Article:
Scientists from the Technical University of Munich (Germany) have developed nanocapsules that absorb and neutralize viruses, Nature Materials reported referring to an article.
The nanoparticles are created from genetic material using the DNA origami method and have been successfully tested against hepatitis and adeno-associated viruses.
To create nanocapsules, geometric principles were used, according to which the protein envelopes of viruses are built. Thus, hollow bodies the size of a viral particle were obtained. To effectively capture viruses by nanoparticles, the researchers constructed capsules from triangular DNA plates. To allow such plates to collect and form larger objects, their edges were slightly beveled. By changing the anchor points at the edges of the triangles, scientists were able to create not only closed hollow spheres but also spheres with holes or even half-shells.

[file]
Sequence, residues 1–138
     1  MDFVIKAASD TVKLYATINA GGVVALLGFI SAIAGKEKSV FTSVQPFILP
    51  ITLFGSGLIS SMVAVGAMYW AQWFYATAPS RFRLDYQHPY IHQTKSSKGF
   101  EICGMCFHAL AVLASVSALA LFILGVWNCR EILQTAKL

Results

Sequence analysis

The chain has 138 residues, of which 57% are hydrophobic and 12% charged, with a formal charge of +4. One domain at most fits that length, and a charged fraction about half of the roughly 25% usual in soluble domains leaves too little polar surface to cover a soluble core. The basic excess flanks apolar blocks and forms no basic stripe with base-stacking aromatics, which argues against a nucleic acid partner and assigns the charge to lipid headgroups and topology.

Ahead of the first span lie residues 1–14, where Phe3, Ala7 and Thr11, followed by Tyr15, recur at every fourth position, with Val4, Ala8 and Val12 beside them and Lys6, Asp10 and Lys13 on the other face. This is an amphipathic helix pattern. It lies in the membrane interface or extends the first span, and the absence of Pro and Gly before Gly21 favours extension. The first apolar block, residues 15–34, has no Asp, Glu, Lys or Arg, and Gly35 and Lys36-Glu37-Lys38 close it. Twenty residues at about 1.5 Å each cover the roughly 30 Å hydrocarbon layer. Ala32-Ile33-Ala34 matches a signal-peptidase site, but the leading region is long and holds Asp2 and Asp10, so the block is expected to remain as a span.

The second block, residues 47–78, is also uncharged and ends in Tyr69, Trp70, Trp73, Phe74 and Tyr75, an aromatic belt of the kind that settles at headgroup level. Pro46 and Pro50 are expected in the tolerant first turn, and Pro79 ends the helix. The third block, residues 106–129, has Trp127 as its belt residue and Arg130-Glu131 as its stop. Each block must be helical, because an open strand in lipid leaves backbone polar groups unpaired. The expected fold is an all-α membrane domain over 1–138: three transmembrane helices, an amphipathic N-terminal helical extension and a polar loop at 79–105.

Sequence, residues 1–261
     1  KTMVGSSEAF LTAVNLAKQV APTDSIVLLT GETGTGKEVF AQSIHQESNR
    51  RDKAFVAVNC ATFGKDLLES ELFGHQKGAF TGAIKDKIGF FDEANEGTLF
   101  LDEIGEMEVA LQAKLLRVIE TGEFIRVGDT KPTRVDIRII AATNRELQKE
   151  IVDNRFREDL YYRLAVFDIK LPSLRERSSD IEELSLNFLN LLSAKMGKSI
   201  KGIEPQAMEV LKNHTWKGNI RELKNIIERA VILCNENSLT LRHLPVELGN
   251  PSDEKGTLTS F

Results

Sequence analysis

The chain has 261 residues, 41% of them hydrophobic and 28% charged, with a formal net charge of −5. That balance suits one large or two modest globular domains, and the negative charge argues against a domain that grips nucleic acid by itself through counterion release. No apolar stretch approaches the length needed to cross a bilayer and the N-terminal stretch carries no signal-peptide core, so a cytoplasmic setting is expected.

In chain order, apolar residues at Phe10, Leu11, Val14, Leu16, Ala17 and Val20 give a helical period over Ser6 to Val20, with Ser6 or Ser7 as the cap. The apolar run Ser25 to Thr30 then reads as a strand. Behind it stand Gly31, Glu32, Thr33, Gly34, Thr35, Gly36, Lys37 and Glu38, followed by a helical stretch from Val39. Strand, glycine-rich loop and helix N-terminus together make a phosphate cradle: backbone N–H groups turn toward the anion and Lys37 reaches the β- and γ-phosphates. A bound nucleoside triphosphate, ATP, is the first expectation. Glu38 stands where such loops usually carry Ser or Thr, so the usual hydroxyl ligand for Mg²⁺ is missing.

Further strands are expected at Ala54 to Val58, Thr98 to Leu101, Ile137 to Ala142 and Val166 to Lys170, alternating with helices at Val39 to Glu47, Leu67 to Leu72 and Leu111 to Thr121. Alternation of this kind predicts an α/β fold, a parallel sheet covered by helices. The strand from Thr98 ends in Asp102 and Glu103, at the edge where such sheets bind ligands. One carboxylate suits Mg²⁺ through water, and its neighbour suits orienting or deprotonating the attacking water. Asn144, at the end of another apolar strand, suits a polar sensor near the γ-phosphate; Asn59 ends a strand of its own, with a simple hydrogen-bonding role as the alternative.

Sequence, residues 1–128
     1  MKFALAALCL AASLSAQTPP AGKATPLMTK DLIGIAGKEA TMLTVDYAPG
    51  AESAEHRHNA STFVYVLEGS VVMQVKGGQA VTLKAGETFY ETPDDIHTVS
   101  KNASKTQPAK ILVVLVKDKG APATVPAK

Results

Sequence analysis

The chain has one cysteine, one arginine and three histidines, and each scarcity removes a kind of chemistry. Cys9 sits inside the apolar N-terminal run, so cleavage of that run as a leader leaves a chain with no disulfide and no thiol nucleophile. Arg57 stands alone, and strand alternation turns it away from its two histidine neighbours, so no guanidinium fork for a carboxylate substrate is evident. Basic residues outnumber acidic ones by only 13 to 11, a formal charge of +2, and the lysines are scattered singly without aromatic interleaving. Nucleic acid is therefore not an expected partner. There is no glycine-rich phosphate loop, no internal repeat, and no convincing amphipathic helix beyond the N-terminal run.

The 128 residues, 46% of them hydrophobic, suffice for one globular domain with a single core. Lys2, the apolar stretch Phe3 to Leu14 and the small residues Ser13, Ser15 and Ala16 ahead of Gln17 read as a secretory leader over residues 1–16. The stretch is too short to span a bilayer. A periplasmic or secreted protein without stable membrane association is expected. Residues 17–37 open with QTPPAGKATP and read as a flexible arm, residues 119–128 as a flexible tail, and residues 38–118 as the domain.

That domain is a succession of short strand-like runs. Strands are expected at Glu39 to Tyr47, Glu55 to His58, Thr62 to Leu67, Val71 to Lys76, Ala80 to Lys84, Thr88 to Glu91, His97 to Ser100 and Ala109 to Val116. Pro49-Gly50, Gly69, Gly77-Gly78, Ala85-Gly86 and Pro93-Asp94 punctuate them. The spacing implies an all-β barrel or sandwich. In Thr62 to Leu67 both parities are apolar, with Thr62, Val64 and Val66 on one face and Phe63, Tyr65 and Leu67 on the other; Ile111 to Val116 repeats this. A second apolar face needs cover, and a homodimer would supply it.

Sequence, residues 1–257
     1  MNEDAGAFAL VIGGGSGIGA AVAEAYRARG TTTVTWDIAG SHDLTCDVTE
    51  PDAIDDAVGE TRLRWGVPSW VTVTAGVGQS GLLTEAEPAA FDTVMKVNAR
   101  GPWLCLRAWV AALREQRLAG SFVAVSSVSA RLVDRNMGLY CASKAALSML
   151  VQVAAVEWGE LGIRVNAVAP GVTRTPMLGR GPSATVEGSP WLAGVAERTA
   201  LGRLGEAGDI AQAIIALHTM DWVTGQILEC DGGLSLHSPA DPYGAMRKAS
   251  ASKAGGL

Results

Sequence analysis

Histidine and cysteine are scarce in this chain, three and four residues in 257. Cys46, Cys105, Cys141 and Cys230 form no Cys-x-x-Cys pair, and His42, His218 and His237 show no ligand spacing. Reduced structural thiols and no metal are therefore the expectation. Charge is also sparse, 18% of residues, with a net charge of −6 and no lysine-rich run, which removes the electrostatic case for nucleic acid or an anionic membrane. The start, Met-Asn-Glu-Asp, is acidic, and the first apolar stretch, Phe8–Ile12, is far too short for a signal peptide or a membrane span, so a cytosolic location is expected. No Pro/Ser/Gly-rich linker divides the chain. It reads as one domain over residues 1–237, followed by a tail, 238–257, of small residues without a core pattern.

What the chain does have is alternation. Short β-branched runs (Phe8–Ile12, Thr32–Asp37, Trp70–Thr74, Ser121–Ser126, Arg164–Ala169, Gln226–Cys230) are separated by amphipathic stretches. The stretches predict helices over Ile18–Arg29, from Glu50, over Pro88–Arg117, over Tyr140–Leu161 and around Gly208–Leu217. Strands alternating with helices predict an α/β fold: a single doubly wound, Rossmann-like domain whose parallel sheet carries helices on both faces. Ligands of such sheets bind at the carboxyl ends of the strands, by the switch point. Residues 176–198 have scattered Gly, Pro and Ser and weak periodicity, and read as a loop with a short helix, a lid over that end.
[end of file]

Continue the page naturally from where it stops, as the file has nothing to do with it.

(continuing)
Scientists have placed antibodies that bind viruses on the inner surface of the nanocapsules, achieving high capture efficiency. To prevent the rapid decay of DNA particles in body fluids, the team irradiated the finished building blocks with UV light and treated them with polyethylene glycol and oligolysine. Thus, the particles were stable in the serum of the mice for 24 hours.
When four antibody molecules were added, the binding efficiency reached 80%. Scientists believe that by increasing the number of antibodies, the effectiveness can be increased up to 100%.
In the future, the researchers plan to test the nanocapsules in live mice. Human studies have not yet been discussed.